Loneliness, whether chronic or acute, can be wrapped up in the despair that leads to thoughts of suicide. Read this powerful post and keep your eyes and ears open for the tiny clues that might alert you to family or friends’s hidden feelings. If this is you… talk to someone, please. If you feel that no-one you know cares enough to listen, talk to someone whose job it is to listen. You won’t be a burden – exactly the opposite. They’ve trained for years to be able to help you and all of us who need help from time to time, so they are completely focused, ready and more than willing. Please… pick up the phone, send an email, or walk in. Don’t fester on your own. Another perspective really helps to pull you at least part of the way out of your rut. And when you get a better all-round view, you may start to see some solutions. There will be some, but you need to be in a position to spot them. You can’t see anything when you’re in the depths where it’s dark and cold. Let someone give you a hand to reach the light and the warmth…


Misery likes company, but it’s not mutual

Loneliness, illness, sadness can all make us as self-centred as the most arrogant egotist. Watch out you don’t fall into the trap of thinking your misery is unique and fascinating…

If you’ve been unhappy for a while, or are socially isolated for whatever reason, it SO easy to bore on about your life to a friendly face. But the friendly face will probably make its excuses as soon as it can get a word in edgeways, then run screaming for the hills. I can say this with confidence because a couple of weeks ago I met a great couple – interesting, smart, funny, kind. And because I hadn’t had a conversation in English of any note for about six weeks, there was a reservoir of dammed-up chatter: their interest broke the dam and they copped for the lot. Poor things. At least I apologised afterwards, so they’re still talking to me, just. My sister told me once that she’d done much the same, after weeks of talking to no-one but the dogs and her herd of cows. Her husband was away on a long trip, and she lived on an isolated farm, so she tended to have rather one-sided conversations.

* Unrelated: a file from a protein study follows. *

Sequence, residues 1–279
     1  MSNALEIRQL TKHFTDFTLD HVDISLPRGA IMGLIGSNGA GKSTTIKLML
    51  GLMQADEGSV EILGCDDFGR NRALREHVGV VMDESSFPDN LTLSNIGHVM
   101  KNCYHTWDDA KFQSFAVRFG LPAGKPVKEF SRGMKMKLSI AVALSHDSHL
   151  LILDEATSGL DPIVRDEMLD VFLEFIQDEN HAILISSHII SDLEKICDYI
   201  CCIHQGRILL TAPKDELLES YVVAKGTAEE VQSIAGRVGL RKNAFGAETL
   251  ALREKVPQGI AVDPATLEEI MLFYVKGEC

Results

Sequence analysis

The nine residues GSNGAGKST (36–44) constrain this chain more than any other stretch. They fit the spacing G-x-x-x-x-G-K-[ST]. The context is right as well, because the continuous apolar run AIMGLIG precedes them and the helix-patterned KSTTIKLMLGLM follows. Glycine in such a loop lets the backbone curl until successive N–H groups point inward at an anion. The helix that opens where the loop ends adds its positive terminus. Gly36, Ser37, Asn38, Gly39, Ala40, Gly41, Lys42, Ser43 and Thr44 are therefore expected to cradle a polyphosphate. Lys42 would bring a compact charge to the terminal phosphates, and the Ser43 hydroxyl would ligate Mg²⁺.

Loneliness and other bad feelings can overwhelm you so that you can’t see over the top of the rut, and everywhere you look there’s only bleakness. The trick is to keep in mind that it’s an illusion. There is a whole fascinating world out there, and if you can only drag yourself out of your rut by a few inches, you’ll see things to distract you from your ditch of depression. Get out of your head and immerse yourself in something. Anything. Watch the clouds, watch a bird or a beetle, listen to music that DOESN’T reinforce your misery. Walk beside water or through trees and observe, listen, touch.

It’s a big world and life keeps going. Each of us is a miniscule part of it, but at one with it all at the same time. You get a better perspective when you’re in a bigger context and can see further. Grab the bit of life that’s closest to you and have a lively day – just because you can.

Have you ever found yourself boring on about your miserable dull life? Or have you had to put up with someone moaning at you for ages?  What would you say to them – or yourself?